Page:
Are major tournaments ruined by playing for penalties?
Background image: Jason Bagley, CC BY-SA 2.0
One thing ruins football, most sports for that matter, and that thing is fear of losing. This summer’s entire European Championship has been a clinical study in the fear of losing and the Copa America isn’t far behind.
Lionel Messi actually had the audacity to tell reporters that Argentina deserved the victory after scraping by Colombia on penalties in their Copa semi-final on Tuesday. Gerard Pique claimed Spain were at an unfair disadvantage because Italy won the right to go first in their penalty shootout. BBC match commentator Steve Wilson suggested to partner Danny Murphy that there are worse methods for deciding a match, recalling that Italy won a coin toss to advance to the Euro68 final after a goalless draw with the Soviet Union.
Ask anyone and they will tell you no one wants a match to be decided on penalties. If the person asked happens to be a coach or player, however, you should be fully aware they are lying to your face. A match decided on penalties absolves them of all blame for defeat.
Because no one wishes to be the goat [lower case], contests are more often played not to lose rather than to win. That, rather than the penalty shootout itself ruins the game.
High stakes encounters between top sides are almost invariably low-scoring affairs. Both squads begin cautiously, tentatively probing the opponent for weaknesses but careful not to overreach lest they are caught on the counter. Neither side becomes emboldened unless they first make a crucial error that puts them a goal down. Only then do they chase the game.
Then, once an Alvaro Morata or Luis Diaz summon all their skill and determination to find exciting equalisers, everyone retreats back into their shell. Is there anything more boring than a duel between tortoises?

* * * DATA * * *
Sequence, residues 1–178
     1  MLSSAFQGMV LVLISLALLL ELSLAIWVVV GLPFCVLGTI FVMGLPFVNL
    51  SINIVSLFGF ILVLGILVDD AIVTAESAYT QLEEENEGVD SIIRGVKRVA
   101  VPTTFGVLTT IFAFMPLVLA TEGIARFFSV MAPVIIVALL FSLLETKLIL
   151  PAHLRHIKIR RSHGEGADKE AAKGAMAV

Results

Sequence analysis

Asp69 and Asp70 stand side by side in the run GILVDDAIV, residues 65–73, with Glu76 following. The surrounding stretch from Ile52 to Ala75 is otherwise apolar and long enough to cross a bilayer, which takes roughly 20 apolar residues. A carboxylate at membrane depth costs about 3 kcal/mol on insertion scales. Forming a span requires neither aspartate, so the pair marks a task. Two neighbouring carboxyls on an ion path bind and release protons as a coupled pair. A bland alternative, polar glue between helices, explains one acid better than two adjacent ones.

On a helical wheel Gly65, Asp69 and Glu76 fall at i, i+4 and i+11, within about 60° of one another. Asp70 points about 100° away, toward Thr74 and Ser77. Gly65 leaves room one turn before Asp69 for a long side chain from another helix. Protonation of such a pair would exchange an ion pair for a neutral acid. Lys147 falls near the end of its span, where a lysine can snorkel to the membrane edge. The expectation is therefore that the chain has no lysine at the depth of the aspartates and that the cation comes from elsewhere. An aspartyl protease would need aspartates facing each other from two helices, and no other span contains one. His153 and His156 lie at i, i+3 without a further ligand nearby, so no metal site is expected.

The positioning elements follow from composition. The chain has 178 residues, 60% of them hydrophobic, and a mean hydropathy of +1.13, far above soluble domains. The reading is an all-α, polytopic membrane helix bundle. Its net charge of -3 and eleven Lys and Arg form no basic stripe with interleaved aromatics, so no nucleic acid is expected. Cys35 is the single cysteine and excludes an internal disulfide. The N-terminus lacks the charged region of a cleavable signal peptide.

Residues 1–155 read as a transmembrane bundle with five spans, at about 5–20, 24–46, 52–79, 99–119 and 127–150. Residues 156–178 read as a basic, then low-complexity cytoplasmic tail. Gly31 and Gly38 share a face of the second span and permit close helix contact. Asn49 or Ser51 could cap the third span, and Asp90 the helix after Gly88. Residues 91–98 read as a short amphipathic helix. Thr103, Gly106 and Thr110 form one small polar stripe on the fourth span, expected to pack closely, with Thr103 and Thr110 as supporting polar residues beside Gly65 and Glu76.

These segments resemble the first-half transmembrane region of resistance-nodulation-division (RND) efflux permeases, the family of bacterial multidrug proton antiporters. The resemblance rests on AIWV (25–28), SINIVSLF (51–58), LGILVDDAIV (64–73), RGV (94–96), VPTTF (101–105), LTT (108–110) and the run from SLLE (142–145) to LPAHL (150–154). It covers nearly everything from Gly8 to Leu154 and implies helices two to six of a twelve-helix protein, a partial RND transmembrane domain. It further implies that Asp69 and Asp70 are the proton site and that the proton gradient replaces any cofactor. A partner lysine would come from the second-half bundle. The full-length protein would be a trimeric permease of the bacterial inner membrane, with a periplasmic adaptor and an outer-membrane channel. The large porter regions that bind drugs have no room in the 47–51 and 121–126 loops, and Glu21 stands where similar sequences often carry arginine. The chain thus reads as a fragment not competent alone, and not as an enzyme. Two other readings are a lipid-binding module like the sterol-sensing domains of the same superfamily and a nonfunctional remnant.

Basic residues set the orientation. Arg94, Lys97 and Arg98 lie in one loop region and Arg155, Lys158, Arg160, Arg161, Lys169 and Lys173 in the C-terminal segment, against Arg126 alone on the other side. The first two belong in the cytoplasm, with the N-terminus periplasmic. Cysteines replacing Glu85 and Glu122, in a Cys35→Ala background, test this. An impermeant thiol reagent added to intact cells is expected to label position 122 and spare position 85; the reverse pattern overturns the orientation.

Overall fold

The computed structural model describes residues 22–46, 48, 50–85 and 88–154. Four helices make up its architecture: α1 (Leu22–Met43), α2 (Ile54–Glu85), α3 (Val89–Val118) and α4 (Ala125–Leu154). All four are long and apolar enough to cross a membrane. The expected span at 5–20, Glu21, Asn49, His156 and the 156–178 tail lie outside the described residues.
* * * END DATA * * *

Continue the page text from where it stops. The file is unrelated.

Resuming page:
If terms are level well into the second half, important games between evenly matched squads usually descend into a series of backward and lateral passes, professional fouls, dives and bookings until the referee blows the whistle signifying extra time. Two fifteen-minute halves of further shadowboxing ensue during which commentators largely discuss who will take the penalties for each side. In other words, from 75-80 minutes on is as good a time as any to do your taxes. We constantly talk about courage and bravery but cowardice is the overriding emotion in major tournaments.
Once the match reaches the penalty phase, both teams can, for the most part, relax. The fear of losing wanes significantly. Taking a penalty, after all, is a relatively easy task. The goal is huge. A player need only pick a side and put laces to ball with some power and accuracy. The goalkeeper is always lucky to make a save and, unless his name is Alvaro Morata, an outfield player will not usually suffer much grief if the other side comes out ahead due to his miss. Inevitably, everyone agrees that the entire process is a lottery with only slightly more talent required to win than a coin toss.